Use Your Gray Matter: Summer Reading
Temperatures are rising and university courses are wrapping up. Soon, our friends in elementary, middle, and high schools will be out for the summer as well. Because I work with young people, my life pretty much revolves around the school year schedule – so it is around this time of year, when I see the word “May” on my calendar, that my mind turns to summer reading.
There is something magical about summer reading, and it’s hard to pin down exactly what makes it so wonderful. For me, it has to do with the freedom from required reading. I don’t have to read for school, and I don’t have to read as many articles related to my work. I feel the freedom to read books that are more frivolous than what I would typically read. A book that at a different time of year would never make it into my to-read pile is fair game for summer reading.
Even though I don’t actually have more time during the summer – in fact, I work probably the same amount of hours that I do during the school year – the season still feels full of leisure reading opportunities. With all of that wonderful reading potential, I need a plan to tackle the exciting challenge of summer reading. I develop strategies to use when carefully crafting my summer reading list. Some are practical, while others are merely fun. Here are the things I think about as I plan my summer reading:
- Filling in gaps. I have some glaring gaps in my reading history. There are books that everyone in my friend circle has read and loved that I simply don’t know anything about. I’ve never read A Wrinkle in Time, for example. (Fellow kidlit lovers always gasp in horror when I admit that.) With 2012 being the 50th anniversary of the book and a gorgeous commemorative anniversary paperback available, this might be the summer when I fill in the gap and finally read that book.
- Diversifying my reading. Although the Diversity in YA blog’s Diversify Your Reading challenge concluded at the end of last summer, I still feel that summer is the perfect time to diversify my own reading. My goal is to read more books featuring Latina characters, because I need to read more books with characters that have backgrounds similar to the kids I work with. The Bermudez Triangle by Maureen Johnson is one on my list, as well as Under the Mesquite by Guadalupe Garcia McCall.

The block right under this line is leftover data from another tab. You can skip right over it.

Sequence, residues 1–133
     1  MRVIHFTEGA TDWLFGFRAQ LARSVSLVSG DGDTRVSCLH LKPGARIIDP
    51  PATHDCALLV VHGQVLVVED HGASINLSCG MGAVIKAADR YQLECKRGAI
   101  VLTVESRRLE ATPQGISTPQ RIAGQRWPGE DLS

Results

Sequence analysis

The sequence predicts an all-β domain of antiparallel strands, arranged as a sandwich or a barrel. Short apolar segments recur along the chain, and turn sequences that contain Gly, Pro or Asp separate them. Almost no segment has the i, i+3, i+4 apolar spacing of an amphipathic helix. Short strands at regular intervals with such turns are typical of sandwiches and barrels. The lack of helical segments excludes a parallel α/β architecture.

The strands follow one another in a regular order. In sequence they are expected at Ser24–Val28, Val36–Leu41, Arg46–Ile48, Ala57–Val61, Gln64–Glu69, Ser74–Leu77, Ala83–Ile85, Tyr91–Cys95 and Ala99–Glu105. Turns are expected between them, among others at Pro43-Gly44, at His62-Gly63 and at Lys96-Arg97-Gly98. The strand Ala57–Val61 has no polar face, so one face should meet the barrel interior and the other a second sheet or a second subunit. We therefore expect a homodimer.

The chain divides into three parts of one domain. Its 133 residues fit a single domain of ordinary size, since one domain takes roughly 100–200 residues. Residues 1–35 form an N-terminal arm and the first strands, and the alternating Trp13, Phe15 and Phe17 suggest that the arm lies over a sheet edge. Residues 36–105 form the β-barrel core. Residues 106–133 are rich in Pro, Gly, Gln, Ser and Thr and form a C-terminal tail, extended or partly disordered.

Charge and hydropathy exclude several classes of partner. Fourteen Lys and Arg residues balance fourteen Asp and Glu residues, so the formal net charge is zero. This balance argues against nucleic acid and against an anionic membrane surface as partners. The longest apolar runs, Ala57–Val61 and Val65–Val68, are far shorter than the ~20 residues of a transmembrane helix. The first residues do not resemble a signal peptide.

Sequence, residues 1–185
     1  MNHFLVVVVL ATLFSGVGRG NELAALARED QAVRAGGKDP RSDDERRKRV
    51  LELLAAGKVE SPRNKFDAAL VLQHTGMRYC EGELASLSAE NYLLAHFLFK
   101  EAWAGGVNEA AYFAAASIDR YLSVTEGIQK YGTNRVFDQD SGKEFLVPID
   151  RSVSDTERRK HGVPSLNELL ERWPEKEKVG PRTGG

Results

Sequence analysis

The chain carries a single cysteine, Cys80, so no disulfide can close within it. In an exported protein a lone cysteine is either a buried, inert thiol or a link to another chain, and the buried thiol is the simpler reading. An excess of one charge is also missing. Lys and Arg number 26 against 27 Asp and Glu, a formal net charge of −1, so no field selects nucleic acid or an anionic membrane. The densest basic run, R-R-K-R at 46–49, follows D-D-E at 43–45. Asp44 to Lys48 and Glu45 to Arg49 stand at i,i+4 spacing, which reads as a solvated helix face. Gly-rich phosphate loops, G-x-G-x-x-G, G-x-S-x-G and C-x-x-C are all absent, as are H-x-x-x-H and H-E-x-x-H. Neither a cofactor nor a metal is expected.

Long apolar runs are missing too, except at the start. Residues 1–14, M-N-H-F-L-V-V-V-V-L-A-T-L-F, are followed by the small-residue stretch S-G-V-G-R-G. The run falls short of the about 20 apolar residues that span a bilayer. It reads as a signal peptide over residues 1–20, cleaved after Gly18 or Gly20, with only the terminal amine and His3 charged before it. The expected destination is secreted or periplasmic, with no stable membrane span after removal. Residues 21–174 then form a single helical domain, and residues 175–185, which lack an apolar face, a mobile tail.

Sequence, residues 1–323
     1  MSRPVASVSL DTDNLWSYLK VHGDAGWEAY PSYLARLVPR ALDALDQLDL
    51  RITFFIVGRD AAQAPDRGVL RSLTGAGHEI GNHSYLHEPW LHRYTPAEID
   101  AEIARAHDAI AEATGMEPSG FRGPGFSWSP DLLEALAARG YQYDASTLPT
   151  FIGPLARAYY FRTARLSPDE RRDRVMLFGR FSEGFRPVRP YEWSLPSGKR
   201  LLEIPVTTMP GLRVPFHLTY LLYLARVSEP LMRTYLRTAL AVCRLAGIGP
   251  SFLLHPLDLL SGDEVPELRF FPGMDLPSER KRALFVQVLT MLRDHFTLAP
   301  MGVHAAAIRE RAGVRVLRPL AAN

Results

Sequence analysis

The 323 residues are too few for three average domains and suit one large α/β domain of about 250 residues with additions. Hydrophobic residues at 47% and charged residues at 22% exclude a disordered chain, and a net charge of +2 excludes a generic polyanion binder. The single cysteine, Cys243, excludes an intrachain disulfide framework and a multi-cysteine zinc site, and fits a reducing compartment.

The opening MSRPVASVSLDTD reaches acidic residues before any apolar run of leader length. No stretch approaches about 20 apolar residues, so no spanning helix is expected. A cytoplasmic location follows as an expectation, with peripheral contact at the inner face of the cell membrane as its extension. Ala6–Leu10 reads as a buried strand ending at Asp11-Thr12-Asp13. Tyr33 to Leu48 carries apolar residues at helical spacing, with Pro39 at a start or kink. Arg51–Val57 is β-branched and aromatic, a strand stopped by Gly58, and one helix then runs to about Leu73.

- Catching up on new releases. So many intriguing titles came out this spring that I just didn’t have time to read, and I want to read them this summer. New titles that I’m planning to read include: The List by Siobhan Vivian, Remarkable by Lizzie K. Foley, Take a Bow by Elizabeth Eulberg, Purity by Jackson Pearce, Thumped by Megan McCafferty, I Hunt Killers by Barry Lyga, and A Greyhound of a Girl by Roddy Doyle.
- Revisiting old favorites. Summertime is a great season to re-read the literary equivalents of comfort food – those books that you know and love from childhood but don’t mind reading over and over again. Because I’m moving back to the Midwest, I want to re-read some of Laura Ingalls Wilder’s Little House series. And I think that Anne of Green Gables would be the perfect lazy-summer-day-book to read while sipping lemonade, or maybe even raspberry cordial.
- Working on my lists. I have a few lists of recommended books that I turn to for reading recommendations, and these are great sources of ideas for summer reading. Betsy Bird’s Top 100 Children’s Novels list is a good one. And I always look to the list of 100 Young Adult Books for the Feminist Reader for Slatebreaking reading ideas.
- Saving extra special books for traveling. When I’m on an airplane or on the road, I want a long book or series that will immediately capture my attention and give me something to savor. Last summer I fell completely and totally in love with the Jessica Darling series while travelling. This summer, I plan to sink my teeth into the Chaos Walking trilogy by Patrick Ness. I’ve heard it’s a great series for readers suffering from Hunger Games withdrawal.
I tend to overthink things, so it’s quite possible that you all are out there laughing at me right now. But I bet I’m not the only one who has strategies for summer reading. In what ways does your summer reading differ from what you read the rest of the year? What are your strategies for summer reading? What titles are you itching to read this summer? We would love to hear from you – go ahead and comment to join the conversation!